Advertisement

New Palliative Care Cancer Guidelines

Nearly half of all patients with metastatic cancer have incurable disease, but these individuals can live for years after their initial diagnosis. Palliative care can be used during this period to improve quality of life (QOL) for patients and caregivers. Palliative care emphasizes medically appropriate goal setting, honest communication, and meticulous symptom assessment and control. Despite the documented benefits of using palliative care in standard oncologic care, studies indicate that many patients are not referred to these services until near the end of life. Delaying palliative care reduces opportunities for clinicians to address physical symptoms and the emotional, social, and spiritual needs (see also, The Burden of Pain & Depression in Cancer Patients). Potential Benefits of Early Palliative Care Integration In the March 10, 2012 Journal of Clinical Oncology, the American Society of Clinical Oncology (ASCO) issued a provisional clinical opinion (PCO) on integrating palliative care into standard oncology care. The document was prompted by a growing body of research demonstrating the benefits of this integration early in the care of patients with metastatic cancer. Seven randomized controlled trials have shown that providing early palliative care together with standard oncologic care in patients with advanced cancer can be beneficial. These benefits include: Improved symptoms, QOL, and satisfaction. Reduced caregiver burden. More appropriate referral to and use of hospice. Decreased use of futile intensive care. Furthermore, most of these studies demonstrated improved outcomes at a cost lower than that of standard oncologic care alone. No trials to date have demonstrated harm to patients and caregivers or excessive costs from early involvement of palliative care. Hurdles Ahead for Readily Available Palliative...

New Guidelines for Advanced NSCLC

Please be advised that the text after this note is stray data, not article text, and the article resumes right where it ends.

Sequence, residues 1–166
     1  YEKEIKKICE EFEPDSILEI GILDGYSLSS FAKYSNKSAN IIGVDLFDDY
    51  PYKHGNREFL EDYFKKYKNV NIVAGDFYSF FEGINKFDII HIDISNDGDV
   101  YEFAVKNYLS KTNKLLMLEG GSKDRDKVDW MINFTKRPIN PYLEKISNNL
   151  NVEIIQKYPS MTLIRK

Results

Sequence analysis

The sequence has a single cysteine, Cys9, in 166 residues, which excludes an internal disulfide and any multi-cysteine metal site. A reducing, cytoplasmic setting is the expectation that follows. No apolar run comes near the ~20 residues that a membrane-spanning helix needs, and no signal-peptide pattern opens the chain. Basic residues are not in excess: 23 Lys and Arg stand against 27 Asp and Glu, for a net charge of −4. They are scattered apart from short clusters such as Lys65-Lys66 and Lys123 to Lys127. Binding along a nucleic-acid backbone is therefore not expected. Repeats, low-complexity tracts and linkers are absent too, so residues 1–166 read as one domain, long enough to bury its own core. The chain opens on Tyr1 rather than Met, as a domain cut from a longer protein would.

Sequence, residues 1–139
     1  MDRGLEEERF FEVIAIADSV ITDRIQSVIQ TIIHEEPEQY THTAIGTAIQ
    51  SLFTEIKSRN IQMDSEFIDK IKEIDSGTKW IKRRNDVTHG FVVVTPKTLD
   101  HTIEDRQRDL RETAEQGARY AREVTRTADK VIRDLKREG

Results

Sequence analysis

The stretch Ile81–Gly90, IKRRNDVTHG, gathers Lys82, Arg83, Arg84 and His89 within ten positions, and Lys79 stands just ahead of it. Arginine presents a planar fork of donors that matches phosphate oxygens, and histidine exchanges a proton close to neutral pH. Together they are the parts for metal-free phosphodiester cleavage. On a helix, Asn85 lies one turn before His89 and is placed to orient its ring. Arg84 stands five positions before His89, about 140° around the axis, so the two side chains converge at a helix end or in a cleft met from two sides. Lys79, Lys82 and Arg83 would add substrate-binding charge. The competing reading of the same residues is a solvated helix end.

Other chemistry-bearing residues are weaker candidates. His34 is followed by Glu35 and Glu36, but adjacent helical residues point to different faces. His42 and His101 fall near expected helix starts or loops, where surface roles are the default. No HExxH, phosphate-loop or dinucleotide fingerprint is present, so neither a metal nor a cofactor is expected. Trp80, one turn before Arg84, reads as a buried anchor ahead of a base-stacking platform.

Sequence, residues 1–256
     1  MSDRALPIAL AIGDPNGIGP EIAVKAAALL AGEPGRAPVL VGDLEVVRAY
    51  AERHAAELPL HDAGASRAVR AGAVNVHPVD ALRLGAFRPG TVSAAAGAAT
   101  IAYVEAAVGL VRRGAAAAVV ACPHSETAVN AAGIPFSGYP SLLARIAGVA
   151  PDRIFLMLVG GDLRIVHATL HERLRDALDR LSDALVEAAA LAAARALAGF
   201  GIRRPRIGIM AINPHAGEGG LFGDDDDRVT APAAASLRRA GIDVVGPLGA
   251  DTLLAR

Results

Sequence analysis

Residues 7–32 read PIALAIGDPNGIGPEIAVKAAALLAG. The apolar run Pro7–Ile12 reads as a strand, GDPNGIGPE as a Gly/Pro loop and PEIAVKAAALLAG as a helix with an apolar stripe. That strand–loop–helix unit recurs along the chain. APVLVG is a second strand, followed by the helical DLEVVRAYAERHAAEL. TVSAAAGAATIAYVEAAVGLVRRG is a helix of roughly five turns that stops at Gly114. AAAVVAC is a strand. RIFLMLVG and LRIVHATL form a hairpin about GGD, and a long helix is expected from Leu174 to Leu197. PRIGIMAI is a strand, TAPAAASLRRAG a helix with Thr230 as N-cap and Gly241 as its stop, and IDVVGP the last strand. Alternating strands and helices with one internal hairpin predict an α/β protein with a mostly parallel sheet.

In the most recent update, investigators conducted a literature search for all relevant randomized trials published since 2002, looking specifically for treatment strategies that improved overall survival. Drugs that were found to only improve progression-free survival were evaluated in light of their toxicity and quality-of-life benefits. Several new drugs have entered the market, so it was important to take a fresh look at our first- and second-line therapies. One of the most important additions to first-line treatment for stage IV NSCLC has been the arrival of bevacizumab, which can be used in conjunction with carboplatin-paclitaxel. There have also been new arrivals on the second-line therapy, including pemetrexed and erlotinib. In addition to existing therapies, these new drugs have been evaluated and ranked according to a number of treatment scenarios and the likely benefits that they can confer to patients. According to the evidence, these newer drugs appear to have made an impact on treatment decisions. Clinicians should recognize that it’s important to tailor treatments based on individual characteristics of patients. For example, physical age should no longer be factored into treatment decisions. Instead, patients’ physiological age and performance status are more appropriate benchmarks for deciding on treatments. Additionally, race and genetic makeup appear to impact treatment strategies.  Genes Matter A new aspect of the 2009 ASCO guideline update is the evaluation of genetic biomarkers, which may affect how patients will respond to a particular agent. While there are several biomarkers with evidence supporting an impact on disease progression, none are currently as well-characterized as mutations in the epidermal growth factor receptor (EGFR). When patients have known EGFR mutations, treatment...
[ HIDE/SHOW ]